The book is a sober, generous and often fascinating history of Trotskyism — of both the life of Trotsky himself and his final decade in exile, as well as the many entities which took up his legacy throughout the 20th century — in which Posadas and his followers played a surprisingly large role. But unlike the devotees of Lenin, Mao, or even Stalin, all of whom represent the experience of victory and power, Trotsky’s followers always felt closer to defeat. Even the recent rise in popularity for the term “socialism” has seemingly done little to rehabilitate Trotskyism. You mention the historical conditions have now changed, but like Trotsky we remain stuck between social democracy and Stalinism.
Coming from an anarchist background, what lessons did you take from your research on these questions of vision, strategy, organization and commitment?
An essential element of Trotsky’s thought is permanent revolution, the idea that popular uprisings like those he witnessed in 1905, and what we are witnessing now, create irreversible changes within society that also reverberate internationally. He writes: “[T]he day and the hour when power will pass into the hands of the working class depends directly not upon the level attained by the productive forces but upon relations in the class struggle, upon the international situation, and, finally, upon a number of subjective factors: the traditions, the initiative and the readiness to fight of the workers.”
Analyzing the forms of struggle and lasting impacts of the Gilet Jaunes, Hong Kong, Chile, Sudan, Haiti, Lebanon, Iraq and the George Floyd Uprising, to name just a few, are thus crucial to developing a theory of how our current cycle of struggle will progress. Noticeable in New York has been the proliferation of mutual aid groups and the ubiquity of the slogan “ACAB.” Some orthodox communists who think we should put all efforts into electing a leftist clique or reorganizing the workers’ movement from scratch perceive these things — even BLM and the uprising itself — as juvenile anarchism or radical liberalism.
These same critiques were made of the worker councils, or soviets, formed after 1905. Twelve years later, Lenin shocked revolutionary Russia by demanding the transitional government be abolished, all power transferred to the soviets and that the police be abolished and replaced with a peoples’ militia. The irrelevance of revolutionary politics today comes from the perception of the struggles in motion as being impotent if they do not conform to a recognizable historical pattern. Revolutionaries should instead commit to the success of these proletarian offensives on their own terms.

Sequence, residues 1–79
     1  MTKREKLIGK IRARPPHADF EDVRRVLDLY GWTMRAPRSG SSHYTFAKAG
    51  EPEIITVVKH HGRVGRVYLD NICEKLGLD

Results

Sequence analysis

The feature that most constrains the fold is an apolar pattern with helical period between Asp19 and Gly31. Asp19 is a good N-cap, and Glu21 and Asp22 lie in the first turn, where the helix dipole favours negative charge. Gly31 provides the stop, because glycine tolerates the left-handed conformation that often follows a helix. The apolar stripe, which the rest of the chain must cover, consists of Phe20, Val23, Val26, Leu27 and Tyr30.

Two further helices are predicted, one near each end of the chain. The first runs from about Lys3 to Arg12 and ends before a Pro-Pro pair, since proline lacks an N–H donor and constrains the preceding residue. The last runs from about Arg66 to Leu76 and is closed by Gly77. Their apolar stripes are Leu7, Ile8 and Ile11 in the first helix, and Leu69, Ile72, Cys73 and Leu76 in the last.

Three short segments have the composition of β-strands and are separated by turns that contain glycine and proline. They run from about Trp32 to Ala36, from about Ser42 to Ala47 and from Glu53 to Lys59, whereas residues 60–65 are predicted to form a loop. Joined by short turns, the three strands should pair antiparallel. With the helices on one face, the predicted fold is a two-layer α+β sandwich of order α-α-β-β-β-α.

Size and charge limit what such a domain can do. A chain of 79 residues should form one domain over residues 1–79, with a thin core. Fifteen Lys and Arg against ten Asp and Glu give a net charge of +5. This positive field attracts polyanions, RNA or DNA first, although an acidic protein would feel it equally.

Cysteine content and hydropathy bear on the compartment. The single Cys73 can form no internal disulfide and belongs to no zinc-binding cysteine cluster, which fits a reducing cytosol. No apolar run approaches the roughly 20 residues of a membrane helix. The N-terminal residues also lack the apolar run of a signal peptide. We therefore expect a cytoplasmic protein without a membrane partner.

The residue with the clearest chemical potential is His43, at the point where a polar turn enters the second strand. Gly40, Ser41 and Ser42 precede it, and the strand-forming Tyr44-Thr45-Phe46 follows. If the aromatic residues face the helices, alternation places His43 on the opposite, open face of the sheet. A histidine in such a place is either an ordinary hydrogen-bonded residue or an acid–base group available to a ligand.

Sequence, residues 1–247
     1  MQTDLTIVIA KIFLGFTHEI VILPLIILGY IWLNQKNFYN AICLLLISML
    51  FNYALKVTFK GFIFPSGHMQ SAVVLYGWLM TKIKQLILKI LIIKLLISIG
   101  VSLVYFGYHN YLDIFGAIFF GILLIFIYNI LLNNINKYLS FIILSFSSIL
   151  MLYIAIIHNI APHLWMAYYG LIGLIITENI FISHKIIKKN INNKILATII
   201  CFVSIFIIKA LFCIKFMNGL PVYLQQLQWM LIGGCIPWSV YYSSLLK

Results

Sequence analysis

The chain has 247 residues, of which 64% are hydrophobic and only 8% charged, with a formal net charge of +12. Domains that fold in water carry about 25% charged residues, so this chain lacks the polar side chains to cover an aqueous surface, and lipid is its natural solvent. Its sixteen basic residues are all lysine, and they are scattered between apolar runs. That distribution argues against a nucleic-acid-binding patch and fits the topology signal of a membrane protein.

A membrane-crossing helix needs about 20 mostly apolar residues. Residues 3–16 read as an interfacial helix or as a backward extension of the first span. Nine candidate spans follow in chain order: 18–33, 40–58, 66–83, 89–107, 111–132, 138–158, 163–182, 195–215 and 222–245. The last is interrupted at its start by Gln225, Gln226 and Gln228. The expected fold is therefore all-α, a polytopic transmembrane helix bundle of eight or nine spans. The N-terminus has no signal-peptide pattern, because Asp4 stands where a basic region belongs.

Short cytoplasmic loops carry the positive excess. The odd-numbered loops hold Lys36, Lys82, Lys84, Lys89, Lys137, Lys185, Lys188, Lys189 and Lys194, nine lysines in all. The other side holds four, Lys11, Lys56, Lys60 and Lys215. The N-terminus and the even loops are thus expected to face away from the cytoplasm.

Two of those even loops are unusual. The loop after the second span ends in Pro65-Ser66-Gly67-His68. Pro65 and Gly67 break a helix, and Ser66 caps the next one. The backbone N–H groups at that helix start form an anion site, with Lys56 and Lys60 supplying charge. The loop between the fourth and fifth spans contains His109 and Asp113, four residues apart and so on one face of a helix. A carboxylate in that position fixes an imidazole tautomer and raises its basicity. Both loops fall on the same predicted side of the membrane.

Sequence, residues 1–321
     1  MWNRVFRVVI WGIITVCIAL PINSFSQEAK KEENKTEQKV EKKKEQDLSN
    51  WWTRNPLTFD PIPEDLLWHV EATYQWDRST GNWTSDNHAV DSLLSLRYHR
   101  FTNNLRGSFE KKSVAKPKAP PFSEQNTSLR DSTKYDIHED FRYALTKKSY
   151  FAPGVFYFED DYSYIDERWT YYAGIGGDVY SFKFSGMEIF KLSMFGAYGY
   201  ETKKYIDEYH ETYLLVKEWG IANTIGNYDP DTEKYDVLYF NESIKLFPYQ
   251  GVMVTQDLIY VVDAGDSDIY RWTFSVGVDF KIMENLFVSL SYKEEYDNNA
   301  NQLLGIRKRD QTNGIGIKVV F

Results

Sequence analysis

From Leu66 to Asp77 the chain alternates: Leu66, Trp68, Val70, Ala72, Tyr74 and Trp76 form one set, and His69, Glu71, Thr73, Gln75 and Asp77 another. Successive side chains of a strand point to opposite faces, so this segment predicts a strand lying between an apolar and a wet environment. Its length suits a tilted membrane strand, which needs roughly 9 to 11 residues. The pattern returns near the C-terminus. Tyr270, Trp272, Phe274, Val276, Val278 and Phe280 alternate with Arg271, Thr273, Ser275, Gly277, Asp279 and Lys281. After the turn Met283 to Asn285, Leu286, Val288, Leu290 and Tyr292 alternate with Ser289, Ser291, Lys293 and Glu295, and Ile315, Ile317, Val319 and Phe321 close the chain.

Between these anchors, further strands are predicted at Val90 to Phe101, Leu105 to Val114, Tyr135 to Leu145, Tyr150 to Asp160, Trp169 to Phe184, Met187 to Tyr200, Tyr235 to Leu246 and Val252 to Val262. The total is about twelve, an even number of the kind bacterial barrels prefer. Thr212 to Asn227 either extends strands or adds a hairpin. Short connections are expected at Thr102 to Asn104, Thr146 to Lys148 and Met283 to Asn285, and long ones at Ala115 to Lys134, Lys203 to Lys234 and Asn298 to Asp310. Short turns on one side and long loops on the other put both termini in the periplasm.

In the book you write, “Posadas is the folkloric forefather of cosmic socialism, a Patron Saint of maniacal hope against rational hopelessness, whose futurist strain of apocalyptic communism and radical xenophilia represents a synthesis of barbarism and socialism, tragedy and farce.” For Posadas and others during the Cold War, there was a sense that conditions of mutually assured destruction were providing the true messianic opening for communism.
This idea of “apocalyptic communism” also shows up in Sabu Kohso’s recent book Radiation and Revolution, in his thinking through the aftermath of the 2011 Fukushima nuclear disaster. You write that for Posadas, “[b]eing a revolutionary meant not turning away from the coming catastrophe but charging into it head-on.”
In our time of generalized deterioration, if not collapse — more than a year into a pandemic and “continued dystopia”, as you say — how do you think a positive vision of communism can be put forward?
Posadas did not invent the nuclear catastrophism for which he is known today, it comes from the belief of Michel Pablo. As the leader of the postwar Fourth International until 1960, Pablo believed that capitalism was on the brink of collapse and would launch World War III against the Soviet Union and China in a desperate struggle to maintain the world order. The Trotskyists believed that the “workers’ states” would win the war, and with imperialist structures destroyed, the global proletariat could — under leadership of a Fourth International that had prepared for this event — rebuild the world communist.
This millenarian conception of a final reckoning can also be found throughout revolutionary socialist history: in the breakdown theory of the Erfurt program, the war-revolution of the Bolsheviks and even in Marx. Posadas took this logic to the extreme, believing in the 1960s we should hasten nuclear war. Their Cuban section protested the denouement of the Cuban missile crisis, for instance.